HTML Introduction to HTML and CSS HTML: The Structural Foundation of Web Pages and Applications Anchor Tags

Cate C
Cate C
4,734 Points

#top -- not a standard, is it?

The course states that #top in href will create a jump link to the top of the page. However, the code does not contain any id with the value "top". Searching online I can find nothing stating that using "top" in href without defining it is a new standard. Is this defined in HTML5 as a standard? or just commonly used?

4 Answers

Jennifer Nordell
MOD
Jennifer Nordell
Treehouse Moderator

I agree with Steven Parker. That being said, there is MDN documentation on just this subject! This behavior is specified in HTML5.,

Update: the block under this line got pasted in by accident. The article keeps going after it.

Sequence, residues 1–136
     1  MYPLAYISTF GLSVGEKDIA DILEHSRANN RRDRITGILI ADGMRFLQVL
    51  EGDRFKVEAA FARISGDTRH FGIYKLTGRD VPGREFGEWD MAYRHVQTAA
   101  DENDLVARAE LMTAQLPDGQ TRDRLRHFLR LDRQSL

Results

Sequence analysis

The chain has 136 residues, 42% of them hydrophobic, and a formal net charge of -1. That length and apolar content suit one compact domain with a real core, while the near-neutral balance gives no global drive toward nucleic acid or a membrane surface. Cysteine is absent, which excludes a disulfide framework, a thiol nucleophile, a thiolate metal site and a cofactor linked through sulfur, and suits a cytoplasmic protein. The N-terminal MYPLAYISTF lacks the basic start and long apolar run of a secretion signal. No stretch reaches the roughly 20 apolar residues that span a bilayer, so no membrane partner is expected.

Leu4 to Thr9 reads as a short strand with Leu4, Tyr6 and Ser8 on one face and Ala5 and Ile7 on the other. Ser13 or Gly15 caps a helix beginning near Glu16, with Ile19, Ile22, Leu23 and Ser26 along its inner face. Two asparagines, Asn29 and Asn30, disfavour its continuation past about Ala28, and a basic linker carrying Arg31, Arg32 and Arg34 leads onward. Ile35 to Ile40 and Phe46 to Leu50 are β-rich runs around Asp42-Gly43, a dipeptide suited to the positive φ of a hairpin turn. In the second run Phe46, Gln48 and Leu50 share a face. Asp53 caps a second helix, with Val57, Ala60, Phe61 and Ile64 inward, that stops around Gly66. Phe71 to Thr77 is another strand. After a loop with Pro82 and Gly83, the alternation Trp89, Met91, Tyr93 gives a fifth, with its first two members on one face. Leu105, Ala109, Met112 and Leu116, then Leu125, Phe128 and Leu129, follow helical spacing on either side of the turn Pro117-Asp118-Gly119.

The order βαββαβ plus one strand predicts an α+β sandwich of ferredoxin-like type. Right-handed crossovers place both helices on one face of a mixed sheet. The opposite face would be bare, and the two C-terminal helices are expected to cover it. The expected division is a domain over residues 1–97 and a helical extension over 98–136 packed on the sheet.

Hope this helps! :sparkles:

Steven Parker
Steven Parker
149,029 Points

Excellent reference. I did not know where to find the documentation this time.
Usually it's the other way 'round: I don't remember the fact until I look it up again in the docs.

Steven Parker
Steven Parker
149,029 Points

I think most browsers treat the top of the page as if it had the ID of "top", but only if no actual "top" ID exists. If you give an element the ID of "top", then an href of "#top" will point to it instead of the top of the page.

A more universal standard (and reliable reference) for the top of the page is just "#" by itself.

Kieran Barker
Kieran Barker
Full Stack JavaScript Techdegree Student 12,374 Points

No, I don't think it's a standard. Using the # symbol on its own would do the same thing.

Cate C
Cate C
4,734 Points

Yes, Jennifer, that is very helpful and good to know that it is part of HTML5. Thanks all for your responses